Liverpool, the Wirral, Lancashire and most of the surrounding area, had strong political, emotional and financial connections and sympathies with the Confederate States of America during the American Civil War (1861-1865). Indeed, so strong were these connections that it has been quoted that at one time "more Confederate flags fluttered above Liverpool than over Richmond" (the Confederate capital in Virginia).1
One of the main reasons for the link was economical, based on the importance of cotton, upon which both the Southern States and the Lancashire mills depended. However, the ties were much deeper and emotional than purely economical ones, and the History
of this relationship is still able to raise controversy and argument even today.
The outbreak of hostilities in 1861 found the Southern States in the worst position with the North having more manufacturing, arms production and industrial power. The South, because of its lack of resources, was forced to look to Europe. The already strong links from the cotton trade, made Liverpool the obvious choice for organising supplies and aid for the Confederacy. It was also important to keep open the supply line for cotton upon which the South and the Lancashire cotton mills depended. A fleet of Confederate blockade-runners and naval cruisers were built on Merseyside to keep this vital supply line open.
James Dunwoody Bulloch, a Confederate naval officer, arrived in Liverpool on 4 June 1861 with orders to buy or have constructed 6 steam vessels suitable for use as commerce destroyers against the Union, to be delivered, unarmed, under the British flag at any Southern port. In addition, he was to purchase and blockade run arms for the cruisers. He was assisted by Fraser, Trenholm and Co, foreign bankers to the Confederacy.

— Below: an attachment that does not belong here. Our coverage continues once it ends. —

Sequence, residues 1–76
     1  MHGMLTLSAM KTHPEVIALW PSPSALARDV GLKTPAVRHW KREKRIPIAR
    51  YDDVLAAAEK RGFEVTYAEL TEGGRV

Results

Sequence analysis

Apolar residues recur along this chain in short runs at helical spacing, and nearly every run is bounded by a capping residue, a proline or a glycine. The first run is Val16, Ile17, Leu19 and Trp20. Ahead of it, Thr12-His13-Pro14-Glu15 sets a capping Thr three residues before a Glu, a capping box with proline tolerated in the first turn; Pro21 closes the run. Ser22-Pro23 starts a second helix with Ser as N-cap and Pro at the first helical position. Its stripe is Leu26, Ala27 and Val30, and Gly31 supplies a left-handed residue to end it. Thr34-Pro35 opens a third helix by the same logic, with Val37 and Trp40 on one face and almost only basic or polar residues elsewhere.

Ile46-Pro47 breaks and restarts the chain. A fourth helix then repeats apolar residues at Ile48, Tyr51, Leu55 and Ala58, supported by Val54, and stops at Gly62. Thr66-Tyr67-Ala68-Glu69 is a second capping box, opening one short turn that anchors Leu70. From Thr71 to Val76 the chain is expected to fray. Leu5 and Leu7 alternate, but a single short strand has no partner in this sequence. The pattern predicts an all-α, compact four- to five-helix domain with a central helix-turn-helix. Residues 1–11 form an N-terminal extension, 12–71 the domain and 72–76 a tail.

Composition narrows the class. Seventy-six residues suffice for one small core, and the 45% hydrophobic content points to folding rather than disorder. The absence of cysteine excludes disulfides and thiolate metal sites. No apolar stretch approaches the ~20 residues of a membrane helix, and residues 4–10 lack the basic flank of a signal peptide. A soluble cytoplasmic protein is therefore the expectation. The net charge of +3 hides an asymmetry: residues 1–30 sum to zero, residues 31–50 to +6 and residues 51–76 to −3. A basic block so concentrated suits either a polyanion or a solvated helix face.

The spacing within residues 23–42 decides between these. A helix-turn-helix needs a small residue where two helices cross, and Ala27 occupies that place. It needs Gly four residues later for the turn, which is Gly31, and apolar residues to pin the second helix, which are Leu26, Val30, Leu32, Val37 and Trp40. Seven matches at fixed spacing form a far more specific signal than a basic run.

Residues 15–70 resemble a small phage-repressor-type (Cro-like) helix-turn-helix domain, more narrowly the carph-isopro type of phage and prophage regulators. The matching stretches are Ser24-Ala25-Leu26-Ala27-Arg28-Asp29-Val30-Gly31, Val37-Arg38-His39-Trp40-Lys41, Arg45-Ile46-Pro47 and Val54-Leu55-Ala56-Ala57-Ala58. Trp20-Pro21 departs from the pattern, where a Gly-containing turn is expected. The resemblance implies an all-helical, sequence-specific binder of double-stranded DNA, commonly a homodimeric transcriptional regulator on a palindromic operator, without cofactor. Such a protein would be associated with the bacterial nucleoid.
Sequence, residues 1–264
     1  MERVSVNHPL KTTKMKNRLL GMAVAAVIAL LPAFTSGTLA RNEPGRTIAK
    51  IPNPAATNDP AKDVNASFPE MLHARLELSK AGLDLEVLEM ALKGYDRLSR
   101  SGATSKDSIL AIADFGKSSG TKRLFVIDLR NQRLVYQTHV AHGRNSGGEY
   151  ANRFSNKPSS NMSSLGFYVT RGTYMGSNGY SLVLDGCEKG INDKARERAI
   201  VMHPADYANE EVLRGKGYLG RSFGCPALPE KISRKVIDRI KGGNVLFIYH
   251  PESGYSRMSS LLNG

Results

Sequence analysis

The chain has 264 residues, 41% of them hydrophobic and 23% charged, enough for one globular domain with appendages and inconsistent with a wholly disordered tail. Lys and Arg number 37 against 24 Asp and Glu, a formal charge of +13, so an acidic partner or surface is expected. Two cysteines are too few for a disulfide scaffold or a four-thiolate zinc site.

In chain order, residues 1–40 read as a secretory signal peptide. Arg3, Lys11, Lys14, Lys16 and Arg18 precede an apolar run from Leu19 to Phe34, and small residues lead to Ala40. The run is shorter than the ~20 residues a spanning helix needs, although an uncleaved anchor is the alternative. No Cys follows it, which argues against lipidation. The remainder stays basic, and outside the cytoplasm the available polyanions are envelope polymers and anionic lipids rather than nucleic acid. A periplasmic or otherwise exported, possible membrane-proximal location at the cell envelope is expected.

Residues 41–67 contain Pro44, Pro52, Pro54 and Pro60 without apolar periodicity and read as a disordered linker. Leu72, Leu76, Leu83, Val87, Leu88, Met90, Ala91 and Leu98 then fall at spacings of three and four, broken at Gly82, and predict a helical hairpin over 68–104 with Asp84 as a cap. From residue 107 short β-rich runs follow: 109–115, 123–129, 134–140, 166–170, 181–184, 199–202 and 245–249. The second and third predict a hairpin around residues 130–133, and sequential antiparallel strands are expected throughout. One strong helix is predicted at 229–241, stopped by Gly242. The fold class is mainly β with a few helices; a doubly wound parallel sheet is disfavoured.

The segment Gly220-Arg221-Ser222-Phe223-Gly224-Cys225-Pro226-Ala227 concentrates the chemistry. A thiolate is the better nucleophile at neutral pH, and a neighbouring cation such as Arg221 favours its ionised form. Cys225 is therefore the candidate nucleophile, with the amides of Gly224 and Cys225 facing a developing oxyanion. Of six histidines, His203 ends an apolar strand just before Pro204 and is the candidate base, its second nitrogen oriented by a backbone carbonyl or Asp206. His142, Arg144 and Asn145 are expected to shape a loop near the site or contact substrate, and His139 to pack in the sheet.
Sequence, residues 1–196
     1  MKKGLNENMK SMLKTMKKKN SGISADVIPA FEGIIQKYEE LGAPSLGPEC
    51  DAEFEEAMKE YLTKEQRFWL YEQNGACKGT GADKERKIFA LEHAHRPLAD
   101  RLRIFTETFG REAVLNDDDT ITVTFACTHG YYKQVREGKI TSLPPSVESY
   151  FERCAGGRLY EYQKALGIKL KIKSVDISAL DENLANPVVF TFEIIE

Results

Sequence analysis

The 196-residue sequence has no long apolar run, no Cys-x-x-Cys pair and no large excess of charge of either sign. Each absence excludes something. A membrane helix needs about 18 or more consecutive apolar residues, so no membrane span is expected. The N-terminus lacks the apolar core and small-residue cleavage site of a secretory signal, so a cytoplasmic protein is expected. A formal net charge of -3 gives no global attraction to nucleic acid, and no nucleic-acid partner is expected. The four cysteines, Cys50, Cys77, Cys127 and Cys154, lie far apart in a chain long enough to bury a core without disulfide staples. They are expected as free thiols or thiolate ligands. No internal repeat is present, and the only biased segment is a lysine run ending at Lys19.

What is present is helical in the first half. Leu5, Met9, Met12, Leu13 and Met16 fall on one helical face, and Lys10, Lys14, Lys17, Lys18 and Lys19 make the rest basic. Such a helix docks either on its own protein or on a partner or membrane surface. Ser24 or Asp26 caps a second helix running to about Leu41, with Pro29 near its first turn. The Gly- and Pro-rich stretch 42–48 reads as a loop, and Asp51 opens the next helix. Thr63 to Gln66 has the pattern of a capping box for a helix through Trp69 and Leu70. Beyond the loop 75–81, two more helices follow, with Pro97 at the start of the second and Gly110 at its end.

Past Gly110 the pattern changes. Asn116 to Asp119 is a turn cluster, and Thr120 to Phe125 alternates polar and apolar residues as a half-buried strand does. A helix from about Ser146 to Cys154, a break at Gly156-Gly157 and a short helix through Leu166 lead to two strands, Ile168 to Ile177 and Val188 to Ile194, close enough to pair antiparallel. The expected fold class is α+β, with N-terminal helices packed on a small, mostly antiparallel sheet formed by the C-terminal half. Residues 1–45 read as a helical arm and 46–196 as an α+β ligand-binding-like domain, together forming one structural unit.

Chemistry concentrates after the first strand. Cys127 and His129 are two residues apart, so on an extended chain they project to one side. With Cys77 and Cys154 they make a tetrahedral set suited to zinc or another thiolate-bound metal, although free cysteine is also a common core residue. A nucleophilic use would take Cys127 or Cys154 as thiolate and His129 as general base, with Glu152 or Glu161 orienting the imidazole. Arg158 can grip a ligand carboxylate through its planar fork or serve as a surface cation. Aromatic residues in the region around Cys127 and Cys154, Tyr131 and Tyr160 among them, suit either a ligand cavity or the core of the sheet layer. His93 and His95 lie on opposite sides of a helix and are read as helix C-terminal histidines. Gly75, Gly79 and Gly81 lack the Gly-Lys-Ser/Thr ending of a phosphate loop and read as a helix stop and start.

His first contract was with Fawcett & Preston Engineers and WC Miller and Son, Ship Builders, to build a steam sloop, CSS Florida, which was delivered in 1861. The second contract was signed in July 1861 with Laird
Brothers, for number 290 (known as Enrica). On 29 July 1862, Enrica sailed to Anglesey for trials with various dignitaries on board, and after putting them off by a tug, quietly sailed off for the Azores to take on armaments and ammunition from the Agrippina, and to begin life as the CSS Alabama.
Alabama had mostly British and mainly Liverpool crew on board, as when she had left Liverpool under secrecy, after being given the choice, most of her c30 Liverpool crew signed on for the Confederate Navy.